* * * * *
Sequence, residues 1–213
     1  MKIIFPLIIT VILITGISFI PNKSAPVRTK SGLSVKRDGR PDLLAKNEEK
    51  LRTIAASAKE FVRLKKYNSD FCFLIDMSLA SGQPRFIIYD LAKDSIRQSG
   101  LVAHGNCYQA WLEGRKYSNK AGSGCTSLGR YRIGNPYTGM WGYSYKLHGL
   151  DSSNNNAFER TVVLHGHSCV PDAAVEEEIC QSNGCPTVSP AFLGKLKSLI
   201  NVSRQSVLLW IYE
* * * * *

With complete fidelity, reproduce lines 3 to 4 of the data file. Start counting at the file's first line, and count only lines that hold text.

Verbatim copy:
    51  LRTIAASAKE FVRLKKYNSD FCFLIDMSLA SGQPRFIIYD LAKDSIRQSG
   101  LVAHGNCYQA WLEGRKYSNK AGSGCTSLGR YRIGNPYTGM WGYSYKLHGL